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Fr. Leo J. O’Donovan S.J.

(Washington, D.C.) November 14, 2016 – Fr. Leo J. O’Donovan S.J., who in October was appointed interim executive director of Jesuit Refugee Service/USA, recently spoke at the University of Scranton in Pennsylvania about the global refugee crisis and the work JRS does around the world. Today, JRS commemorates 36 years of walking with refugees around the world: On Nov. 14, 1980, Fr. Pedro Arrupe S.J. founded JRS in response to the refugee crisis in southeast Asia.

Fr. O’Donovan, who previously served as JRS/USA’s Director of Mission and is a former president of Georgetown University in Washington, D.C., also explained why it’s essential for “mercy” to be a central part of the human experience. The following is the first of a two-part installment of his talk entitled “Mercy in Motion.”

Thank you very much for the opportunity to speak with you tonight, and for your concern and attention to the refugee crisis. I hope to provide some insight into this terrible emergency and share with you the work Jesuit Refugee Service is doing to help care for those in greatest need. It’s truly a privilege to be here at such a vital institution as the University of Scranton. And I mean that sincerely. The social activism and compassion of the university community is truly inspirational. 


I begin by suggesting what I consider to be the four greatest threats to humanity today, indeed to the existence of humanity today.


There is, in my view, first, the ecological crisis, the threat to the viable existence of what Pope Francis calls “our common home.”  (In the view of President Obama as well as many other commentators, it is indeed the greatest of threats.)  And the second threat comes from the continued existence of nuclear weapons, now held by more nations than ever, with the capacity to destroy not only whole countries but civilization itself.  Neither of these great emergencies were discussed in any serious way — if at all — during the past, crazed election.


The growing disparity between the rich and the poor, not only in our country but globally, and there to an even more marked degree, is another fundamental, grievous threat. It threatens not only to dehumanize the poor but to create increasing, and untenable, political instability.  


And there is, fourth, the all-but unprecedented humanitarian crisis of refugees and IDPs. Here again, if we as a global society were not to address this crisis in a serious way, could we continue to consider ourselves human beings?  Could we continue to deserve to survive?  But neither of these two emergencies, you will recall, were treated with any seriousness in the election past.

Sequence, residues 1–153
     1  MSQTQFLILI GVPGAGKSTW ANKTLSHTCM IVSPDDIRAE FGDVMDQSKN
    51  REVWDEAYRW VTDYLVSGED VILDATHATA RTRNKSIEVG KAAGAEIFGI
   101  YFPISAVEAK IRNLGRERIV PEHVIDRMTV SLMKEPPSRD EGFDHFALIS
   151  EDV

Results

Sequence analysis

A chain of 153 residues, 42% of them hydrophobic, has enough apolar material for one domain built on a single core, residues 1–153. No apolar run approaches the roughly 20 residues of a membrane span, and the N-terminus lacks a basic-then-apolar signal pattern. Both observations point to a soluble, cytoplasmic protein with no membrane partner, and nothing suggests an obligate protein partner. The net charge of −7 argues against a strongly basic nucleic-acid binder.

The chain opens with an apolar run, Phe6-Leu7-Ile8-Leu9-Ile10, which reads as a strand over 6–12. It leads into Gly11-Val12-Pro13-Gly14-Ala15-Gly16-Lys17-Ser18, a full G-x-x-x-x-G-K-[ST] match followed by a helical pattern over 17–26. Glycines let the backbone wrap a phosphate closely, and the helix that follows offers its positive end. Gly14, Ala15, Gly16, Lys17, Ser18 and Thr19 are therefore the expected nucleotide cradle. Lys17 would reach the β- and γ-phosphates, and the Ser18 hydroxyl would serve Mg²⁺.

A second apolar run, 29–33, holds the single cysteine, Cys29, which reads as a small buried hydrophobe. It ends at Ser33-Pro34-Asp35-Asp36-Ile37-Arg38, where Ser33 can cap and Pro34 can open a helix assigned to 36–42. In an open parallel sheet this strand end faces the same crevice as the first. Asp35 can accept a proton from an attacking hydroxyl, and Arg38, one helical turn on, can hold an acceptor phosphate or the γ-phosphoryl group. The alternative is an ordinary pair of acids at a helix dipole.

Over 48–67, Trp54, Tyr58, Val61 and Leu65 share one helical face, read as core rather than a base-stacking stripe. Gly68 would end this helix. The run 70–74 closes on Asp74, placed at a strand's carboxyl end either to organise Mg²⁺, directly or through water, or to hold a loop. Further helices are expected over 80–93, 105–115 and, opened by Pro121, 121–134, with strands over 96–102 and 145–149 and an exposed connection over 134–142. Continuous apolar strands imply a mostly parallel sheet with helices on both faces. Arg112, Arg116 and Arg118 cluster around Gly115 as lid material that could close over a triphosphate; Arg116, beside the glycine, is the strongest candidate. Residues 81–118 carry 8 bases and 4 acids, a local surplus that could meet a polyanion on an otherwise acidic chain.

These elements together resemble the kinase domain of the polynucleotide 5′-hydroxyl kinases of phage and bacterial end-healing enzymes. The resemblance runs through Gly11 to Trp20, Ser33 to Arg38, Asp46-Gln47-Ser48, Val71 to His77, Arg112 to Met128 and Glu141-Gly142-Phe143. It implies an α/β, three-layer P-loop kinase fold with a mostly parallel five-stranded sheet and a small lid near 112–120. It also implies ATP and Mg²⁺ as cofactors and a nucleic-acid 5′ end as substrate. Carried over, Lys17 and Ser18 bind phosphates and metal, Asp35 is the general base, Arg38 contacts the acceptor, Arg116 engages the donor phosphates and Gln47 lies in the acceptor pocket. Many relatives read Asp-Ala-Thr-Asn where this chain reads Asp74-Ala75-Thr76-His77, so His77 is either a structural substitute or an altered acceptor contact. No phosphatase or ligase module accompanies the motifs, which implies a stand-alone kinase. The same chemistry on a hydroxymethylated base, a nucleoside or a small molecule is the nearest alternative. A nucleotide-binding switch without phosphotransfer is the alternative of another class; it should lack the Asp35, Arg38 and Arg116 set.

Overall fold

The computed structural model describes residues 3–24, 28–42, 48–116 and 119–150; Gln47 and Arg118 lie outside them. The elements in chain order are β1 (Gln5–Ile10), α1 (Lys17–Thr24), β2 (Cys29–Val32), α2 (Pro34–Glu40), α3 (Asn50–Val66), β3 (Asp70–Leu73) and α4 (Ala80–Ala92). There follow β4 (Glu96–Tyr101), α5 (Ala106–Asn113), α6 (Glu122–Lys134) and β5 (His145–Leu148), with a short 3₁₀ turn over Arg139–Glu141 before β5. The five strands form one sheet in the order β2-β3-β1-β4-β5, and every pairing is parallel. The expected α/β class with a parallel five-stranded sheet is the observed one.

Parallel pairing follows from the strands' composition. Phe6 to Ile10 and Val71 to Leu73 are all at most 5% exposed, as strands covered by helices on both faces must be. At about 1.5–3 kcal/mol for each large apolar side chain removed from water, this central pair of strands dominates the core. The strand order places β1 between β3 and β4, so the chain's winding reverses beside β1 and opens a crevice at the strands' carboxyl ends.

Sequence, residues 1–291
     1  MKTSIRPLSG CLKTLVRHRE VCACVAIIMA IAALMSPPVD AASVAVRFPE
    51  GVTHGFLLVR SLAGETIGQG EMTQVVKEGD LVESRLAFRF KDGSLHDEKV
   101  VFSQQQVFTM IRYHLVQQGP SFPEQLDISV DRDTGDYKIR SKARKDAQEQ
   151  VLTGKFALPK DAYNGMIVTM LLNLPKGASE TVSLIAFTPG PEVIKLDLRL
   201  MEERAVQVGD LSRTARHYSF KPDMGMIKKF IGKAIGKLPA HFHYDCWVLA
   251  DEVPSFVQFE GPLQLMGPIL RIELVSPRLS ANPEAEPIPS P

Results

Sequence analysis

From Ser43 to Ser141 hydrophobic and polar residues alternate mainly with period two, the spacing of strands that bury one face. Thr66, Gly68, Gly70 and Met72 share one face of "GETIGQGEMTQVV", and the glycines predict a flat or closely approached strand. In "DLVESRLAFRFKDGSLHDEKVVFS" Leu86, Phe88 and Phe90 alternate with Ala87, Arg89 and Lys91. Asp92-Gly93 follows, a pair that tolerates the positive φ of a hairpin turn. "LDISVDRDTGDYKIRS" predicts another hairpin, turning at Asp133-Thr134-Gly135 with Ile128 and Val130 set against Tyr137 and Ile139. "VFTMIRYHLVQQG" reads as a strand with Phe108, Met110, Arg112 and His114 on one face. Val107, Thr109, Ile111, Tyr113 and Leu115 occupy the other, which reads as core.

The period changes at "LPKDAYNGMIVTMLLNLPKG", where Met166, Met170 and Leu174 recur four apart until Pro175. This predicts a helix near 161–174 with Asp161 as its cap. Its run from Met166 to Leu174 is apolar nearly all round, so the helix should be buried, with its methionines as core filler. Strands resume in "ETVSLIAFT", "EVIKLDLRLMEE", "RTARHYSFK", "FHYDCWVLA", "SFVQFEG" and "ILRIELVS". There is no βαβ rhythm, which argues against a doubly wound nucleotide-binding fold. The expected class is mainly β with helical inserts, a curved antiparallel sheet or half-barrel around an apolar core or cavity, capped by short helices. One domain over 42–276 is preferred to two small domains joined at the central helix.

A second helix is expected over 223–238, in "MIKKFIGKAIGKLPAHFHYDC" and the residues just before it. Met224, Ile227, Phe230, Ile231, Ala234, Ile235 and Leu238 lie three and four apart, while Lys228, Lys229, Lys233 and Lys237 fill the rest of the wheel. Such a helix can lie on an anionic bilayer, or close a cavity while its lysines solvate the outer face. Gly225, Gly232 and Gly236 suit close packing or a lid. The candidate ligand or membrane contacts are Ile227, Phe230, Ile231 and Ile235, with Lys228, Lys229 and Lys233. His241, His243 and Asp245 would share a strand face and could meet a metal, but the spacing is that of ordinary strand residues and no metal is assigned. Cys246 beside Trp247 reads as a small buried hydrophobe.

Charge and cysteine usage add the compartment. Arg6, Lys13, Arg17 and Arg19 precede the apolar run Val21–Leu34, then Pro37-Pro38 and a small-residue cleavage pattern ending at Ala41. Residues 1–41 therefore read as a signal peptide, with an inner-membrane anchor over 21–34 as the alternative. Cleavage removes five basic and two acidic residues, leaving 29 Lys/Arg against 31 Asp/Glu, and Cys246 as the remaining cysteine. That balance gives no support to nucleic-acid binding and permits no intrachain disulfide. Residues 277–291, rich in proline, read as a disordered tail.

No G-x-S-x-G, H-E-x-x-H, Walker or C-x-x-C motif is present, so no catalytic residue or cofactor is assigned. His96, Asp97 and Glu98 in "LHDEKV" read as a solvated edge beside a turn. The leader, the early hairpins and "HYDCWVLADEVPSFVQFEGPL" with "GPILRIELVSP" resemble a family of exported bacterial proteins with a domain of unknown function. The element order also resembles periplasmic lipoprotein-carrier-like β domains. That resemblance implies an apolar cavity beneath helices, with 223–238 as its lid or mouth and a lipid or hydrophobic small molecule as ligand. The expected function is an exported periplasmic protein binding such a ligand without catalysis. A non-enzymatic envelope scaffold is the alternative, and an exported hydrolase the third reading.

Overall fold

So, let me tell you a little bit about the organization I represent – Jesuit Refugee Service. In the late 1970s the images of thousands of Vietnamese fleeing their country — many with nothing more than the clothes on their backs —  filled TV and newspapers. Fr. Pedro Arrupe, then superior general of the Society of Jesus, felt strongly that the Jesuits should do whatever they could to help alleviate the suffering of these and other refugees. So in 1980 he founded Jesuit Refugee Service with a mission to “accompany, serve and advocate” for refugees and displaced people anywhere in the world. Fr. Arrupe understood that the first step to helping refugees is to recognize their humanity. Through person-to-person interactions JRS has helped restore a sense of dignity to people whose lives have been upended by violent conflict.  


The world — and the work of JRS — has changed during our 36-year history. Today, JRS is a truly global organization, with headquarters in Rome and 10 regional offices that operate programs in more than 45 countries. But the original mission of JRS continues to define our work: to accompany, to serve, and to advocate on behalf of all displaced people. 


THREE PILLARS OF JRS


What do I mean by accompany? The cornerstone of the JRS mission is following Fr. Arrupe’s call to recognize the humanity in refugees. That the warmth of one individual rendering assistance to another is invaluable to the refugees we serve. 


To accompany means to be a companion. We are companions of Jesus, so we wish to be companions of those with whom he preferred to be associated – the poor, the vulnerable and the outcast. It is through this accompaniment that JRS staff and volunteers understand how best to serve and advocate on their behalf.


How do we serve? JRS provides emergency assistance, education, health care and pastoral services to more than 750,000 refugees each year throughout the world. We work with partners on the ground, often in dangerous and volatile places like Syria. And although JRS is a faith-based organization, we serve everyone – Muslims, Christians, Buddhists, non-believers and all others without distinction – finding common ground in communities torn apart by ethnic and religious conflict. Our teams are composed of people of different faiths and are a mix of national staff, refugees and internally displaced people, and international volunteers. 


And as we accompany and serve, we also advocate. JRS is committed to defending the rights of these most vulnerable people. At JRS/USA, based in Washington, D.C., our advocacy team works to defend and protect refugees everywhere – home and abroad – by representing them before Congress, the State Department and the UN refugee organization, which sets international refugee policy. In our work defending refugees and other displaced people, we also count on strong partnerships with like-minded institutions, such as here at the University of Scranton, where you have a proud history of social activism. 


Tonight, I’m sure you want to learn more about the global refugee crisis – in the Middle East, Europe and elsewhere – and to try to understand more about the record number of refugees and displaced people worldwide that you’ve been hearing about in the news.